In August of 2017, she discovered the Center for Mindful Use, which hosts free events for the community to come together and discuss responsible, conscious cannabis use and its benefits. CMU also offers yoga classes, meditation workshops and other uplifting, free events in line with Nancy’s overall interest in alternative tools and therapies. Located in downtown Bellingham, CMU shares a building with the recreational cannabis shop, Satori. In fact, Satori, in its commitment to education and promoting conscious use, donates the space to CMU. As it happened, by October there was a receptionist position open at the store. With Nancy’s background in alternative healing, her desire to help people and to be an access point for seniors, she was a perfect fit.

Since Nancy started at Satori, more and more seniors have been showing up interested in learning what cannabis can do for them. “There’s this look of recognition with fellow baby boomers,” she says. “People feel more comfortable sharing their story with someone they can relate with. Even younger customers often comment positively when they meet me at the door.”

The Center for Mindful Use space is warm and inviting, perfect for Nancy’s events. Photo credit: Will Kersten.

Not only does she understand where they’re coming from, she has the knowledge and experience to help them make more informed decisions. One of her goals is to really drive home the fact that cannabis can be so much more than a way to get high—that, in fact, you can use it to target specific symptoms and achieve specific results with a little education, guidance and experimentation.

“Knowledge is key to mindful use,” she says, and that’s where CMU comes in. Nancy and CMU Director Mike Hiestand use the space to conduct free educational and inspirational events, such as Conscious Cannabis Use for Seniors, Aging Gracefully, and even Cannabis and Pets. “We can talk about it and dispel some of the mythology and stereotypes in a safe, fun and open environment,” she says.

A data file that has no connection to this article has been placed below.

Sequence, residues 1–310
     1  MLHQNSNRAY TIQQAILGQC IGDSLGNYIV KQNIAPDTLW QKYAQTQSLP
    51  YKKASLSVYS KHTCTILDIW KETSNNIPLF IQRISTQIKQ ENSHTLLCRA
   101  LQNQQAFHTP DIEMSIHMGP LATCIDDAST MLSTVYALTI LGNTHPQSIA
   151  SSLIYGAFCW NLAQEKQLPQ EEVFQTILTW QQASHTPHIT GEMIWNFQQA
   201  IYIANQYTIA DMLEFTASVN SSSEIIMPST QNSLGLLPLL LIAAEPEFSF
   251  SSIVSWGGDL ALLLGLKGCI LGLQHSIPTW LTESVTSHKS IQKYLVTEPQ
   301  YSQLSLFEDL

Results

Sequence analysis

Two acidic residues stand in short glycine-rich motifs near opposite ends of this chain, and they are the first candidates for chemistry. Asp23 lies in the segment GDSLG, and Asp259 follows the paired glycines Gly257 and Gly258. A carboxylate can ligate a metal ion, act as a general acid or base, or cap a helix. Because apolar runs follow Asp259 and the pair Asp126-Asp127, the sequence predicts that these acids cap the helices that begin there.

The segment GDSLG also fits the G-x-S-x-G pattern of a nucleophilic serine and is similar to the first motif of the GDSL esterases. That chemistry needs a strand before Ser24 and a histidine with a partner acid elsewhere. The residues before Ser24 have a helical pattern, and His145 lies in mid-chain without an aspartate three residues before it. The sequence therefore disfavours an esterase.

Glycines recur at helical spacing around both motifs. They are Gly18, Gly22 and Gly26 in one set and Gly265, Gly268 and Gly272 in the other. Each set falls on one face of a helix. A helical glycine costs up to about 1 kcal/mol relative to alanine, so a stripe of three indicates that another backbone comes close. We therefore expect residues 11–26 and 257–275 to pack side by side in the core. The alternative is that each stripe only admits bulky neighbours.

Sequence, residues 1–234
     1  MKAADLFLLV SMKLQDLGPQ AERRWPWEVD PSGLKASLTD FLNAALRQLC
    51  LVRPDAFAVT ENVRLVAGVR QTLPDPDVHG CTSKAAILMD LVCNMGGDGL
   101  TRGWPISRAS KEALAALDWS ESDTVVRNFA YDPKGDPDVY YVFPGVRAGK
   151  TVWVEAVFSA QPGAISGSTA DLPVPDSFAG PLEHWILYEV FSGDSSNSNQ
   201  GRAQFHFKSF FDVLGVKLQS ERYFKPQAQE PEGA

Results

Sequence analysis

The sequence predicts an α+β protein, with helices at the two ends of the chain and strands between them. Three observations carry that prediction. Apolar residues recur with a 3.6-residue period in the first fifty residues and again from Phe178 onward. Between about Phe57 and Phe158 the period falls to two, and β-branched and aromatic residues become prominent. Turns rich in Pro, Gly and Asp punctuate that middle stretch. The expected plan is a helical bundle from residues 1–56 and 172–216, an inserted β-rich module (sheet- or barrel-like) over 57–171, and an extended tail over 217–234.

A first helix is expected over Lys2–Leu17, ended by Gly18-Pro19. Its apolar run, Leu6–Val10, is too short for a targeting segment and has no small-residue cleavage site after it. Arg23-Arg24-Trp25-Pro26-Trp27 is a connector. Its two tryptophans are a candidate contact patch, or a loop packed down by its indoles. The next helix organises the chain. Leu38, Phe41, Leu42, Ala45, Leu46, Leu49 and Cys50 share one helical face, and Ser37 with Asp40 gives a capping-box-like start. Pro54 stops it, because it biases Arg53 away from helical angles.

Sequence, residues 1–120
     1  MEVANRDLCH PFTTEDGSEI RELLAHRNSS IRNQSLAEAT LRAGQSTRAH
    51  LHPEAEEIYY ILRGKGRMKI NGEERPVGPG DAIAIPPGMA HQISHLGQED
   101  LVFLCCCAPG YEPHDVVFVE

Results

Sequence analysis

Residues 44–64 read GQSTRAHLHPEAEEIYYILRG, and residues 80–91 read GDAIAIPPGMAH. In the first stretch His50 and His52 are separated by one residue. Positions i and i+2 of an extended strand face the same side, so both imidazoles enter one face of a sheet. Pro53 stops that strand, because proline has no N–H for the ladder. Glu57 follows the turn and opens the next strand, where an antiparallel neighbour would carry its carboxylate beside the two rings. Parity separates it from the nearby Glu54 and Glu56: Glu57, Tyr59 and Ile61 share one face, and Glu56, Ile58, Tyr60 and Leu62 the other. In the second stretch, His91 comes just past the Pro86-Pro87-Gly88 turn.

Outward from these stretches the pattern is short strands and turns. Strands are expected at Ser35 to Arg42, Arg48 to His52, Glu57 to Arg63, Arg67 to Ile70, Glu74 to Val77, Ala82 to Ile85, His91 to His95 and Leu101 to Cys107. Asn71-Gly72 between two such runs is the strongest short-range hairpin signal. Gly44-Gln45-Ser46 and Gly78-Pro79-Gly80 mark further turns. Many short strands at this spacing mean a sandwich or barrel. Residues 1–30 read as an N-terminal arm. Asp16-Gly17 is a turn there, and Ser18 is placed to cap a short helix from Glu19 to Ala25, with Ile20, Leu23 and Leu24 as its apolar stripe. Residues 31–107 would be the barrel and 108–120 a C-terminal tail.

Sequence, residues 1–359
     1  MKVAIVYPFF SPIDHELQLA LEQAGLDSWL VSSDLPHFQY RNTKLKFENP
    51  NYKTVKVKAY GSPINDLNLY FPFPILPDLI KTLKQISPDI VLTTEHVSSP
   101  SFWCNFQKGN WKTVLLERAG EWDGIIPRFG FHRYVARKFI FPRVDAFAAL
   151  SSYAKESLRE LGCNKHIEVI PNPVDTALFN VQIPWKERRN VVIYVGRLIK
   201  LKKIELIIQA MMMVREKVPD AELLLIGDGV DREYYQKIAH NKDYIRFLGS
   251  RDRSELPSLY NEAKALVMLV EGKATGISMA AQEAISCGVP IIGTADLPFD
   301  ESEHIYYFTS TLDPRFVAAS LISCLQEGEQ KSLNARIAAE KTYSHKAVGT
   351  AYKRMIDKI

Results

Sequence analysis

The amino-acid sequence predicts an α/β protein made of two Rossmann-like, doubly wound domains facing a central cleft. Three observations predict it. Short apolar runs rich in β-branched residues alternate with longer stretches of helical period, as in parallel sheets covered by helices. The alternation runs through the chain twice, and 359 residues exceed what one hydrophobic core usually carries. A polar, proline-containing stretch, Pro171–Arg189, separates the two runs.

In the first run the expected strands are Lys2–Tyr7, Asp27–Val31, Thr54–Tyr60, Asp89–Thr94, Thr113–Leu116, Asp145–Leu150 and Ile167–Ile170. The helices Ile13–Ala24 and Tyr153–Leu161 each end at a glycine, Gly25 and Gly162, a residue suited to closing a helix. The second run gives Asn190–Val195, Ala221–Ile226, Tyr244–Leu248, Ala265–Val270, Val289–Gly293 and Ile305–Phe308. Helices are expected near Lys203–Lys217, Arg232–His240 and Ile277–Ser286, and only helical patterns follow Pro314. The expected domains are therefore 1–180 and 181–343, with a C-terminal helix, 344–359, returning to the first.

These events can be talks, educational films or group discussions with Q & A at the end. And the program is evolving. Mike and Nancy are even developing plans to take these events into places like senior centers and community rooms in order to bring the message directly to the people—especially those who may have mobility issues or who can’t make the trip to downtown Bellingham. “We want to be available to groups around the county who want to know more about cannabis and look forward to being asked to bring this information to them,” Nancy says.

Nancy Southern greets guests at Satori in Downton Bellingham. Photo credit: Will Kersten.

And what is that message? That with intentional, responsible, mindful use, cannabis can help enhance people’s lives and help seniors age gracefully. Nancy says, “I like to call it medicine rather than a drug. ‘Drug’ has so many negative connotations. I want to advocate for descheduling and get cannabis back to an herbal plant with healing properties like lavender and rosemary.” She added that cannabis has virtually zero life-threatening side effects, as compared to so many pharmaceuticals. And that what side effects there are (getting “high” from taking too much or getting the “munchies”) are not only harmless, but wear off fairly quickly.

If you’re a senior new to cannabis, on the fence about it or haven’t used it since, say, the 60s or 70s, Nancy recommends going into a qualified store and consulting with a medical marijuana consultant or an experienced budtender (and of course, talking with your doctor or healthcare provider). Much has changed and new research is just beginning to tap into the health benefits offered by this unique plant. “Most conventional medicines and supplements seem to be compatible with low doses of cannabis,” says Nancy, “but it’s always advisable to make sure you’re conscious and mindful about it. The general rule is ‘start low and go slow.’ Consultation and education are very important.”

Nancy herself is in the process of getting certified as a medical marijuana consultant so, between her role at Satori, her events with CMU and her life coaching practice, she’ll be able to offer even more help to seniors—and anyone, really—who is looking to enhance their lifestyle with cannabis. Nancy’s personal favorite types of cannabis are those that calm her mind and ease anxiety. “I lean toward an indica or predominately CBD (a non-psychoactive component of the plant that has shown much promise as a medicine), due to my individual situation,” she says. Everyone is different, with different needs and sensitivities.

If you’re interested in learning more about cannabis or would like to talk with others about it, check out the schedule of events at CMU online or stop into Satori and say hi to Nancy! For more information about Nancy’s creative and spiritual life coaching services, visit her website Road Less Traveled Coaching.